This week, I presented this talk to a database security class I am taking. It provides some background details about FGAC and then moves on to focus on a SIGMOD 2006 paper "Redundancy and Information Leakage in FGAC" by Kabra et. al. Up until this work, researchers were mainly focusing on the problem "How to prevent information leakage from the query result when FGAC is in action". In other words, research focused on how to make sure that users get only those data they are authorized to access, no more and no less (no less -> completeness is a difficult thing to achieve in FGAC - Can we make sure that user gets all the data that she is entitled to receive?) The paper investigates information leakage through channels other than the query result. Specifically through UDFs (User Defined Functions), exceptions and error messages. A trivial solution to prevent potential information leakage through UDFs is to pull UDFs all the way up in the query plan so that these functions get executed only on authorized relations. However, it could be very inefficient if these UDFs are selective. The novelty of the approach comes from the fact that UDFs are placed to achieve both efficiency and security at the same time. The authors mainly compare improvement in the execution time only. It could mislead readers as they do not include the optimization time in it (Obviously they require more time to optimize as they need to take into account potentially malicious UDFs). Ideally, execution time should be equal to query optimization time + query execution time.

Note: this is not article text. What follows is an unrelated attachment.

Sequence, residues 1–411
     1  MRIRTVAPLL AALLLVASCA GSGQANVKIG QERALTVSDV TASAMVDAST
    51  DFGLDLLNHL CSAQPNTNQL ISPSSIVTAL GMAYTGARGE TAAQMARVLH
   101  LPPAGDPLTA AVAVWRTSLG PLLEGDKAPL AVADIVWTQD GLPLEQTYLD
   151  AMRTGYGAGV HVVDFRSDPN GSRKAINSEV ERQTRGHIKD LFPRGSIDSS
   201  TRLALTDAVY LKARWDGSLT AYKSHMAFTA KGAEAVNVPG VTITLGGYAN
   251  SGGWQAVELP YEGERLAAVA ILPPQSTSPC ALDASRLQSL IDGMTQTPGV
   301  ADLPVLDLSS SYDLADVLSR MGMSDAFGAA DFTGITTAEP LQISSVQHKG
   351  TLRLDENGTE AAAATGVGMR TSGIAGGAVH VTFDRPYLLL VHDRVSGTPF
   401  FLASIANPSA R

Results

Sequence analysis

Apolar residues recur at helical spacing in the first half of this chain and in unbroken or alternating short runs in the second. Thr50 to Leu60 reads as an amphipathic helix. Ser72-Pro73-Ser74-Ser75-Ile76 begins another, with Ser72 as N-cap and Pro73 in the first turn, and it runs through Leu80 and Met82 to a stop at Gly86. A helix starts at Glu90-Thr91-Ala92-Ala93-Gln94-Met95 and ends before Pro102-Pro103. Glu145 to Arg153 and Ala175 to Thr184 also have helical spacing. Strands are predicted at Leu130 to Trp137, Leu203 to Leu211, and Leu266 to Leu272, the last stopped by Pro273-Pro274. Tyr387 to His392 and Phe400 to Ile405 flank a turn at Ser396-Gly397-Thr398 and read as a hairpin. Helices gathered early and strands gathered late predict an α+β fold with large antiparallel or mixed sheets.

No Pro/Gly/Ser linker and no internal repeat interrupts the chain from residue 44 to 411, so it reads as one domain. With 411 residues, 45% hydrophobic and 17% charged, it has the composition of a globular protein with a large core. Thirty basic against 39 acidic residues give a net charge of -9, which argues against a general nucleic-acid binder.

What other approaches can we take to prevent such leakages? A trivial solution is to restrict who can define UDFs. If we allow any user to define UDFs, can we correctly infer if they are safe or not? It looks to be a difficult problem - depending on the context, one UDF may be safe in one situation but not in another. Even more difficult issue is, some UDFs might not actually leak visible data, they may exploit subtle timing variations based on the values passed these functions (For example, a UDF takes a longer time to process for certain types of values - which effectively allow the user to infer some information about the data she does not have access to).
Information leakage is not restricted to FGAC. It's been a widely researched topic in many areas including web applications. In fact, information leakage is one of the top 10 security concerns of ad-hoc web application development.